Tuesday 18 Jun 2019 | 04:36 | SYDNEY
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China

Censorship is superfluous in Xi’s ‘New Era’

Tiny children sit in a row on miniature wooden chairs, their attention focused on a television screen showing Chinese President Xi Jinping in full oration mode, in incongruous juxtaposition beside the candyfloss-pink play castle of their kindergarten. In hospitals, patients have Xi beamed to the

The move to one-man rule in China and beyond

The much anticipated 19th Party Congress has come to a close in China after a week of painstakingly constructed public displays of Chinese Communist Party successes, goals, and virtues. Held every five years, the event offers rare insight into the intentions of the Chinese leadership and the future

Xi, Orwell and the language of Chinese politics

The 19th Party Congress closed earlier this week with the announcement that 'Xi Jinping Thought on Socialism with Chinese Characteristics for a New Era' would be enshrined in the Chinese Communist Party (CCP) charter. This eponymous ideological contribution is the first since 'Deng Xiaoping Theory'

The 19th Party Congress: Xi's mid-term appraisal

As Interpreter readers will no doubt be aware, this is an exciting week for China-watchers as it marks the mid-term point for President Xi Jinping's time in office – that is, presuming he leaves his post after ten years, as is the custom. This week the 19th Party Congress, Xi's mid-term

Belt and Road: The case for ‘wait and see’

Nick Bisley is right to call for a clearer – and I would add more confident – Australian strategy towards China. But should this involve signing up to President Xi Jinping's Belt and Road Initiative (BRI)? I am not convinced. BRI is long on rhetoric and unclear in design. According to Xi,

Australia’s oddly absent Belt and Road Strategy

In a recent speech at the University of Adelaide's Confucius Institute, Department of Foreign Affairs and Trade Secretary Frances Adamson tackled the controversial issue of Chinese students in Australia. Her comments were both shrewd and part of a larger pattern of Australian government policy

Australia’s One-China Policy and why it matters

Australia is in the midst of a vociferous debate over China. Reporting and commentary on Chinese Party-state sway over Australia's public and political institutions has been met by a strong pushback by those who emphasise the opportunities presented by China's influence. The

On North Korea, China’s interests are unchanged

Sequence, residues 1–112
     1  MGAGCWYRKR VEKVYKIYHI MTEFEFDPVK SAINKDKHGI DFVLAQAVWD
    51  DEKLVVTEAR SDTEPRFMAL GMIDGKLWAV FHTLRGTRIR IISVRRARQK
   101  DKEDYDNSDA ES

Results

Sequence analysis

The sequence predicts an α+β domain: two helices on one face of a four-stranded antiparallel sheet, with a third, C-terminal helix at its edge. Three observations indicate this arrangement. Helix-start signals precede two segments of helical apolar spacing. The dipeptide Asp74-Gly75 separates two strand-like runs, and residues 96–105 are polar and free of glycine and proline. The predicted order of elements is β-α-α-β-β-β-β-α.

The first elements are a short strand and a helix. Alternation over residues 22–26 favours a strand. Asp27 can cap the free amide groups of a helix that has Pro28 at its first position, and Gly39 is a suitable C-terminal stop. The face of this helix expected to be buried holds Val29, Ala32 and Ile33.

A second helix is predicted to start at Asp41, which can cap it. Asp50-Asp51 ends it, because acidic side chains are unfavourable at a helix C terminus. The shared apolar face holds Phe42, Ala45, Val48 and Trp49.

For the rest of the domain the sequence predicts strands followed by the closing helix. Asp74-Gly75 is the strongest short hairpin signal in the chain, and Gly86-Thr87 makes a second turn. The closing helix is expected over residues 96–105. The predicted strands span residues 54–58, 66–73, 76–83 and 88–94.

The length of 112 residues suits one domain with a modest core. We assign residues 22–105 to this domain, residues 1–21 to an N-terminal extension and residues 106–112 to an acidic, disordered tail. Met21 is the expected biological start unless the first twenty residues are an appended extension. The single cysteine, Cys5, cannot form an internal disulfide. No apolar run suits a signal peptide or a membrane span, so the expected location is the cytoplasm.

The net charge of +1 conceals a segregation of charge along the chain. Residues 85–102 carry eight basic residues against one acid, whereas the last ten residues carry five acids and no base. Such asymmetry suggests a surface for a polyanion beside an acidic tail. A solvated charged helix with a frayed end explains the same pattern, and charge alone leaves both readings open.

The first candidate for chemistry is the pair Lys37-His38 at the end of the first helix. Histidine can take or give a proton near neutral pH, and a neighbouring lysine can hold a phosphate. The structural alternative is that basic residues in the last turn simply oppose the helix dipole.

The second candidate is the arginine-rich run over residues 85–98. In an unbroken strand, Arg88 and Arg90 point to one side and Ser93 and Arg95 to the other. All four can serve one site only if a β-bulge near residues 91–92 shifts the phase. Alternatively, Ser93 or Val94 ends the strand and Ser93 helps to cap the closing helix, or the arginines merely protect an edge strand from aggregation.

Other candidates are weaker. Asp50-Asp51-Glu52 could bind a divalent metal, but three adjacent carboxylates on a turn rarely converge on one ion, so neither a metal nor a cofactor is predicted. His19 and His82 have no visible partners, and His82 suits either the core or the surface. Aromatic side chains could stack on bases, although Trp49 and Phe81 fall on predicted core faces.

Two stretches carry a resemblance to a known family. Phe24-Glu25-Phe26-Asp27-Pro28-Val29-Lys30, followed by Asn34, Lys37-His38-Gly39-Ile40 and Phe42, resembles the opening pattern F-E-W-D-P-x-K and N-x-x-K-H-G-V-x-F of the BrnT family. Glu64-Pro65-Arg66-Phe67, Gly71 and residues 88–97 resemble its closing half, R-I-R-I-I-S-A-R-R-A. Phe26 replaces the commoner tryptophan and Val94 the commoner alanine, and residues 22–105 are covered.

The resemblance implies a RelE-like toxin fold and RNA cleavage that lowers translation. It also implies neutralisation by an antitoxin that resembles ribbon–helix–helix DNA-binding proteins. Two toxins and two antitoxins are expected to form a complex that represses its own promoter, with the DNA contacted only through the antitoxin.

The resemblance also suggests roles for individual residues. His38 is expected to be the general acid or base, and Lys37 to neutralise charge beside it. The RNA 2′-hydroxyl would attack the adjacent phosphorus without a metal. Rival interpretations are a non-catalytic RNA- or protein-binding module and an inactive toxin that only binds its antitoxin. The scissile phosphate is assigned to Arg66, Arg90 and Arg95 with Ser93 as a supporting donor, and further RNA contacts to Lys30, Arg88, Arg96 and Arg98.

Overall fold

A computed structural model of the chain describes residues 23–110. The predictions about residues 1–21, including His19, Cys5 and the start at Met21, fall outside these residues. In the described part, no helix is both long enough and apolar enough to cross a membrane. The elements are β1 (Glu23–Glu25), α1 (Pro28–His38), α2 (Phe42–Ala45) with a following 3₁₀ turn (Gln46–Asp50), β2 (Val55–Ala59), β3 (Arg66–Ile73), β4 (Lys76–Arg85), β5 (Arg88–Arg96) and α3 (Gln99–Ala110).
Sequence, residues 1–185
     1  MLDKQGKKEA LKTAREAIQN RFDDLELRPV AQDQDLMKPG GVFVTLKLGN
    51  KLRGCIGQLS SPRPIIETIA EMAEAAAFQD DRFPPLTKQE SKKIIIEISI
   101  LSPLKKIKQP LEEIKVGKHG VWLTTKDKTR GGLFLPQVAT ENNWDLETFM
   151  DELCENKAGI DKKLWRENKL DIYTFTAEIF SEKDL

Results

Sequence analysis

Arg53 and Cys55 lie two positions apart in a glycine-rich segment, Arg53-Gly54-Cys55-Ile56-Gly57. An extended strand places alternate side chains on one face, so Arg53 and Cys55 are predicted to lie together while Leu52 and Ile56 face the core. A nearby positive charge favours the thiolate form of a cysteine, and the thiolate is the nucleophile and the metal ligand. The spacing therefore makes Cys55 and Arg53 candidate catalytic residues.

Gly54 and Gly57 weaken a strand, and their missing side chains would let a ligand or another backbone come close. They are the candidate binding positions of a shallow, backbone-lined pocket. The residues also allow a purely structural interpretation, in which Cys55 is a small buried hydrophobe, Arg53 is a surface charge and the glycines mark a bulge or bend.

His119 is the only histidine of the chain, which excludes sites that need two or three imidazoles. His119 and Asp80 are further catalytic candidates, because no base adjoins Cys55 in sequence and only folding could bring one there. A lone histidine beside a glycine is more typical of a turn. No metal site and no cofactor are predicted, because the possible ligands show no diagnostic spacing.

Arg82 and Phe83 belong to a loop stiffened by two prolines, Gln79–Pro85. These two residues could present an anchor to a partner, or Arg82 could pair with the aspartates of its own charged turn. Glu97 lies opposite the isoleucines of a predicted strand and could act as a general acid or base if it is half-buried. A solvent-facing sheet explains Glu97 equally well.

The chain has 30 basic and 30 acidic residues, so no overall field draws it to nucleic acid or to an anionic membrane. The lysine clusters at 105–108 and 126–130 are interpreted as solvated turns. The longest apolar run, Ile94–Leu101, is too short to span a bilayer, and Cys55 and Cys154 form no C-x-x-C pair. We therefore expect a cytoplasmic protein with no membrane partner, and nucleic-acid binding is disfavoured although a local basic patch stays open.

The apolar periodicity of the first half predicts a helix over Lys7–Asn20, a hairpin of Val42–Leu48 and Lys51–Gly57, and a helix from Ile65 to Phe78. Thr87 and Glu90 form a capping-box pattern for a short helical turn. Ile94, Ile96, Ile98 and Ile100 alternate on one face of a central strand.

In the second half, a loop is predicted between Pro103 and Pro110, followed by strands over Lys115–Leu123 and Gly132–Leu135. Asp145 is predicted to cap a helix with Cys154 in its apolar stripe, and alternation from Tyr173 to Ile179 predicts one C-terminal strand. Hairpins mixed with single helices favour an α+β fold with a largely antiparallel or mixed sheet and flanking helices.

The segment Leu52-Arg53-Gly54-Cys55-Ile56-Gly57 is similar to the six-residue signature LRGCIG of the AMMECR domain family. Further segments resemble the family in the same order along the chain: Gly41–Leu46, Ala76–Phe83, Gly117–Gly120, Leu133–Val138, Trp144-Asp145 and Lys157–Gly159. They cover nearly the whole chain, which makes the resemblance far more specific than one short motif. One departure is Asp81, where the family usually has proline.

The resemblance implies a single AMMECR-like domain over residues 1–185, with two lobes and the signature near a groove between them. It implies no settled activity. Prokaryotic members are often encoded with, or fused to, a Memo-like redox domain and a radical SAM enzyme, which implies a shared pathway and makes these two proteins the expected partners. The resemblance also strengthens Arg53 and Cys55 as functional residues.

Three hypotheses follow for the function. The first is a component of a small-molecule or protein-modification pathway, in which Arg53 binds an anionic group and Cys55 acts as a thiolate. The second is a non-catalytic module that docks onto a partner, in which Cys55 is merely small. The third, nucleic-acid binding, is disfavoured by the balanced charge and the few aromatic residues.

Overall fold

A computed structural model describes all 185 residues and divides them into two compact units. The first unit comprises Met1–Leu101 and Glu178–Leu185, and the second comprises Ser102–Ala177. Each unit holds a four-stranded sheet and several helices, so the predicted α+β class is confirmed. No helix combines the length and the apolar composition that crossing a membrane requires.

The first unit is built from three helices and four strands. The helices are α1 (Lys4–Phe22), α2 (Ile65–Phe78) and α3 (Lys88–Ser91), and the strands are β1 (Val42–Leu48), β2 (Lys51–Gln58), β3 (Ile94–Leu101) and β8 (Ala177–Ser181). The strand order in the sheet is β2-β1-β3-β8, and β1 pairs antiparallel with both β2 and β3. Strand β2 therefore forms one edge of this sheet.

China's recent move to close North Korean businesses operating in China is undoubtedly welcome news to Australian and US policymakers. However, this is should not be seen as a shift in China's approach to North Korea. Rather, it is a tactical manoeuvre – China's goals and interests regarding

Resisting China’s magic weapon

In the classic Cold War-era film Invasion of the Body Snatchers, aliens quietly invade earth by replicating the bodies of each human being they encounter. The resulting 'pod people' take on the physical characteristics, memories, and personalities of the humans they replace. In its day, the film was

Beijingers keep calm and carry on

In the lead-up to the 19th National Congress this October, Beijing has been undergoing some physical changes. As yet more gleaming architectural marvels are being unveiled, other parts of the city are being cleaned out and 'tidied up', with buildings being knocked down or bricked in. Many have been

Coming full-circle in the Sino-Indian relationship

Despite the recent BRICS Summit's theme of a 'stronger partnership for a brighter future', the two-month stand-off between China and India at the Doklam plateau (which China refers to as Donglang) has confirmed a bitter truth – the territorial dispute is still a constant thorn

China: No country for old men?

On 18 October the 19th National Congress of the Chinese Communist Party will kick off, and the new makeup of the Politburo Standing Committee (PSC) will be revealed. The policy direction and success of President Xi Jinping's next term depend on who makes the cut. A mostly informal set of

China’s toxic nationalism

This article is based on Episode 13 of The Little Red Podcast, featuring Richard MacGregor, Sow-Keat Tok and Louisa Lim, and MacGregor’s new book 'Asia’s Reckoning: China, Japan, and the Fate of US Power in the Pacific'. Last week, China's government took the surprising step of increasing the

Delhi’s new Indian Ocean diplomacy

As China continues to ramp up its Indian Ocean presence, Delhi is stepping up its engagement, collaborations and demonstrations of leadership in the region. In addition to expanding its network of naval partners and bilateral exercises, India is also reviving regional institutions such as IORA and

Doklam: Who won?

North Korea's latest missile outrage has stolen the global headlines from a potentially even more significant turn of events in world security. That is the seemingly sudden resolution of the border confrontation between Chinese and Indian troops in an area known as Doklam in disputed Himalayan

How Trump’s new approach to Pakistan might pan out

Perhaps the most notable part of President Trump's new Afghanistan 'strategy' is its treatment of Pakistan, with Trump saying out loud what was once largely debated and threatened in private: The next pillar of our new strategy is to change the approach and how to deal with Pakistan. We can no

Doklam stand-off may spark Indian Ocean tensions

The two-month standoff between India and China on the desolate Doklam plateau in the Himalayas shows no signs of ending. Indeed, while both sides have so far been careful to avoid a shooting match, there are indications that relations are souring further and the confrontation could easily

Burn the books, bury the scholars!